Have you been wondering what it’s like to work in the Autodesk BUILD Space, or what goes on in there everyday? The 30,000 sf research and development workshop and co-working space has been open for six months but still has an air of mystery to it. Located in Boston’s Innovation and Design Building, the BUILD Space has all the specialized equipment a designer could want, including 3d printers, multi-axis CNC mills, a waterjet cutter, a ceramics kiln, and a glass slumping oven. There’s even a corner for microelectronics. It’s a dream for anyone interested in design and fabrication, and the BUILD Space residents have access to all of it.
Credit: Elkus Manfredi Architects
Designers from Elkus Manfredi Architects have been residents in the BUILD Space since the beginning. They’re utilizing the space’s resources – including the robust technical knowledge of its staff – to prototype key facade elements for an historic renovation at Emerson College. The Little Building, on the corner of Boston Common, is getting a full facelift. Led by principal Howard Elkus and project manager Ross Cameron, the project is rebuilding the aging facade with the newest technologies possible.
Neue Guild member Tom Carrier, leader of the firm’s 3D Fabrication Team (Edward Schelleng, Jenna Carolan, Kate Ford), has been focusing his group’s time in the BUILD Space on the iconic lion heads and other complex ornamentation that adorn the building. Originally cast and carved by hand, all the intricate facade work will be digitally fabricated for the renovation. Reconstructing each piece is painstaking process, and intense prototyping during the design phase is helping the architects get out ahead of potential pitfalls that could pop up during construction.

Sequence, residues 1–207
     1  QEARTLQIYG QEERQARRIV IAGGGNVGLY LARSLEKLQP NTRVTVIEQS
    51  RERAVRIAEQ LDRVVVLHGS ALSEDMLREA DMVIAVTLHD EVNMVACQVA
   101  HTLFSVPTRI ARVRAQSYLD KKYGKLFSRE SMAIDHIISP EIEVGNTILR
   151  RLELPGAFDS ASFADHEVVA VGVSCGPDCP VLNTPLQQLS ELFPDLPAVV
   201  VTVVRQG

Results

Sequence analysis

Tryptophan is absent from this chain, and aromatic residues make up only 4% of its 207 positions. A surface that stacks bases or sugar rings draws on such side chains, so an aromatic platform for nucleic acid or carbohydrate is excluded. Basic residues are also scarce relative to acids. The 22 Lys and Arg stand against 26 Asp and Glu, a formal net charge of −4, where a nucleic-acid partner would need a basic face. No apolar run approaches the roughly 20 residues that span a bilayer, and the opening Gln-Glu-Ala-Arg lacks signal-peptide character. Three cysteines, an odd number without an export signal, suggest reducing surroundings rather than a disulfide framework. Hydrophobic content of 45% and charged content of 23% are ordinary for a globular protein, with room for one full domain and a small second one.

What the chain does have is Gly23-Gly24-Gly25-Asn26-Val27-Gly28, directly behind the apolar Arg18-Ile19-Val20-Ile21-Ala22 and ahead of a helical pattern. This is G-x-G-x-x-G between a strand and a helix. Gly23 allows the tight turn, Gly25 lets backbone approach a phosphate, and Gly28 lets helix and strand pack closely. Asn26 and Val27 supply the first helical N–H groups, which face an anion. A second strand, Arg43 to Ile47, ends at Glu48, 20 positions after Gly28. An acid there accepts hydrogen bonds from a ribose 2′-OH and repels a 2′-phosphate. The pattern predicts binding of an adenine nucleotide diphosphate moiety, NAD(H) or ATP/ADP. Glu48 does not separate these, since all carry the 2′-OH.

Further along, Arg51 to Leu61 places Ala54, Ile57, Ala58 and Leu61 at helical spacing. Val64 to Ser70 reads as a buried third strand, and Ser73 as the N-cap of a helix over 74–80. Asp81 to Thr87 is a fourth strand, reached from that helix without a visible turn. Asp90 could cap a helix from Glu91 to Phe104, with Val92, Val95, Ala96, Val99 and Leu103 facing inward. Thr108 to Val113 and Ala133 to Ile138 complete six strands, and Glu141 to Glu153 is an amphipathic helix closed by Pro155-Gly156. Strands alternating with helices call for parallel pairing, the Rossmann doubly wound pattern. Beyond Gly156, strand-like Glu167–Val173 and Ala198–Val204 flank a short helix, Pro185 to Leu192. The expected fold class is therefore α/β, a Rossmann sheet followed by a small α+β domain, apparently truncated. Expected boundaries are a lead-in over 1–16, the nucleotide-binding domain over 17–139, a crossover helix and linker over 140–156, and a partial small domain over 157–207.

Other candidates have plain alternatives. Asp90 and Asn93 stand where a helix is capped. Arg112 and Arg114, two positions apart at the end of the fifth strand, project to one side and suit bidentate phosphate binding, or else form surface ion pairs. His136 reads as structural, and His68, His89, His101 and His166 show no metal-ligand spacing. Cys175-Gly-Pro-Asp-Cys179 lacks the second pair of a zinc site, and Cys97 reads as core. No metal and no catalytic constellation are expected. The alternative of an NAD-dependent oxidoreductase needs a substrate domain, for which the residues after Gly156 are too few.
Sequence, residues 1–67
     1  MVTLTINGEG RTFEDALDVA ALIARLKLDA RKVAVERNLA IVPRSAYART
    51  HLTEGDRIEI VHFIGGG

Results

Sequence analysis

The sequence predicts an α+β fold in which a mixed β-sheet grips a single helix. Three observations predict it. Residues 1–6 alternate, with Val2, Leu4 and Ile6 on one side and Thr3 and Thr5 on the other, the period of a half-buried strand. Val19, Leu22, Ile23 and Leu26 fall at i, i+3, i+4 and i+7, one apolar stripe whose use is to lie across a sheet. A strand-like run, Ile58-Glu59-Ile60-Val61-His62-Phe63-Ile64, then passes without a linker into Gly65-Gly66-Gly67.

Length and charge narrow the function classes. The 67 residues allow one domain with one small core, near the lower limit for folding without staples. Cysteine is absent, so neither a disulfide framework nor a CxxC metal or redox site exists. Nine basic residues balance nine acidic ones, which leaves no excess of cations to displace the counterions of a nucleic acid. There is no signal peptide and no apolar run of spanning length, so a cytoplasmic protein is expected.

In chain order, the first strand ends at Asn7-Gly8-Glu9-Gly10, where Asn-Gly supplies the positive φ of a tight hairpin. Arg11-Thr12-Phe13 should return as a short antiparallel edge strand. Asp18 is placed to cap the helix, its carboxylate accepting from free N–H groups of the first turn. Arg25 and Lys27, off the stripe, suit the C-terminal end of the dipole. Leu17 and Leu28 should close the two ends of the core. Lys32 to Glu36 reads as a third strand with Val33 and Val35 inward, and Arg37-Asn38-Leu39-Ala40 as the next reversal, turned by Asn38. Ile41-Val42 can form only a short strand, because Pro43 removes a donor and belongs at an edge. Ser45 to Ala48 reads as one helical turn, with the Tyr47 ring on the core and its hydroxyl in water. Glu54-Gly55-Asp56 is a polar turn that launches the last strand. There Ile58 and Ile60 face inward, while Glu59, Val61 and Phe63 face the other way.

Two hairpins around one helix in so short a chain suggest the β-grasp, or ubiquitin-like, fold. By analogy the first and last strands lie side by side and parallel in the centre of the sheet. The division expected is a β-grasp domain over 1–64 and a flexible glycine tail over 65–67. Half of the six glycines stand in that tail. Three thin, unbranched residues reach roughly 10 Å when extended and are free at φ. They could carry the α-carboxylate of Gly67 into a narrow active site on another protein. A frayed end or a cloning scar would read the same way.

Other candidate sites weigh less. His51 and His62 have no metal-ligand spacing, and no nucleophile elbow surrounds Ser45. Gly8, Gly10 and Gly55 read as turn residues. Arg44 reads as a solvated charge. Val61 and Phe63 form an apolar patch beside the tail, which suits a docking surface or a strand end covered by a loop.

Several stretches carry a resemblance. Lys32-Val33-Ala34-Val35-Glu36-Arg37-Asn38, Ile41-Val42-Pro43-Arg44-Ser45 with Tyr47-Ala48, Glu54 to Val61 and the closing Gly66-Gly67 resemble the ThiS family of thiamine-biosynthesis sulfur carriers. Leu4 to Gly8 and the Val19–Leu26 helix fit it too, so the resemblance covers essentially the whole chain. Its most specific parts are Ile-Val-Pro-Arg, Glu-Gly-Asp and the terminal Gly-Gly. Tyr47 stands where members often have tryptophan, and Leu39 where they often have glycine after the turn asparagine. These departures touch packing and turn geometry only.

Working off of 3d scans, photographs, and other historical data, the firm is collaborating with its consultants to digitally model each figure and tests them at various scales in order to refine the 3d information. Only when they’re satisfied with the end product will they approve it with the fabricator. Prototyping like this lets EMA test how light and shadows interact with each piece, verify that the shape of the lions and other figures read properly from the street, check their geometry for points of structural weakness and water infiltration, and determine exactly how the various elements will attach in the field. By working through these issues with physical prototypes now, during the design phase, the firm is significantly reducing the time spend reviewing shop drawings and construction samples for one of the most intricate parts of their project.
The BUILD Space is also hosting a variety of academic groups this year including two from the Harvard Graduate School of Design. Other residents include start ups like LUMII, building glasses-free 3d image technology, and Little Sparrows Technologies, who are building a blue-light incubator for curing infant jaundice in low-resource settings. Obviously, a huge benefit of working in this type of open environment is the influence of the people around you. The most valuable part of being in the BUILD Space might not be the work you actually produce but the information and incidental knowledge you gather from your neighbors. If you’re interested in becoming a BUILD Space resident yourself, see information on applying on Autodesk’s website here.